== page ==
Spontaneous Vacation/Pineapple Rice
Updated: Sep 13
We were at the grocery store the other day and I was perusing through the fresh produce when I noticed some delicious looking pineapples.
I’ve selected fresh pineapple before, but the truth is I didn’t know how to pick out a good one. As I stood there fondling the prickly fruit, my husband returned from the other side of the store with a gallon of milk in hand. He placed the milk in our cart and realized I was staring at pineapples.
“I love pineapples!” he said, seemingly reading my mind. “We should get one.”
He reached into the pineapple display and grabbed a more-yellow-than-green-or-brown pineapple, brought it close to his face and smelled it, and then gently tugged at the leaf at the fruit’s top center.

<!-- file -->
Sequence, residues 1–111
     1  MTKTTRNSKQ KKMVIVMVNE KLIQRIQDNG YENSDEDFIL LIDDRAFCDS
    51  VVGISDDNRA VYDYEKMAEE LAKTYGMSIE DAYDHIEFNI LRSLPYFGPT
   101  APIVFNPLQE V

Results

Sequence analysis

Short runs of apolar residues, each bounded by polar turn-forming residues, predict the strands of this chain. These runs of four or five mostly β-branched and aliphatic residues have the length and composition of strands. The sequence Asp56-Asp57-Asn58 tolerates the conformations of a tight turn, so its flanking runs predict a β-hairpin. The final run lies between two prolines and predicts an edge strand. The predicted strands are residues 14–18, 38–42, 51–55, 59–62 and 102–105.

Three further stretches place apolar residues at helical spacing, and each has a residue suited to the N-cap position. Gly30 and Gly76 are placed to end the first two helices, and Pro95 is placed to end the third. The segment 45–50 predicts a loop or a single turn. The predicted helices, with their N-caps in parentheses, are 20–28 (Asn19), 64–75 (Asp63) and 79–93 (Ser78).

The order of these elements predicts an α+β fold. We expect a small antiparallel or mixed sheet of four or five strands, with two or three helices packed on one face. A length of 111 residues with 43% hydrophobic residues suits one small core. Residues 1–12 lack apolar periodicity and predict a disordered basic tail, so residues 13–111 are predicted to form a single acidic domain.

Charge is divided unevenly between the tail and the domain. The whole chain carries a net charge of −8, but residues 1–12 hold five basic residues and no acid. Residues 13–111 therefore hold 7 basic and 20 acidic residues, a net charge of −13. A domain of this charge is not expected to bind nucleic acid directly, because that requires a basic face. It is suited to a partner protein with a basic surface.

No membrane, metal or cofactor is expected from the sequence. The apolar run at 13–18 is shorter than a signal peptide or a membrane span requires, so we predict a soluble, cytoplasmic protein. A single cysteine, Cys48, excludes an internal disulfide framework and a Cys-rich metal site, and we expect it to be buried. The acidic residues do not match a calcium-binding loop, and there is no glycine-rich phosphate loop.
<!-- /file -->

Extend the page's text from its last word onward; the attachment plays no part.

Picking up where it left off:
He explained – and I later googled his facts to verify – how to pick out a ripe pineapple.
You can tell a pineapple’s ripeness by its color, scent and by gently tugging on a leaf.
The closer to ripe the pineapple gets, the more robust the scent. An unripe pineapple’s scent is faint.
Also, the top center leaf will easily pull from the fruit when fully ripened.
So we brought home a good, ripe pineapple, and my excited husband cut it open as soon as we got home and began eating the sweet tropical delight.
But I had more in mind than simply eating the pineapple alone. I was thinking of my time in Southeast Asia, and a dish that quickly became a favorite – Pineapple Rice. Pineapple Rice is basically fried rice with pineapple and shrimp.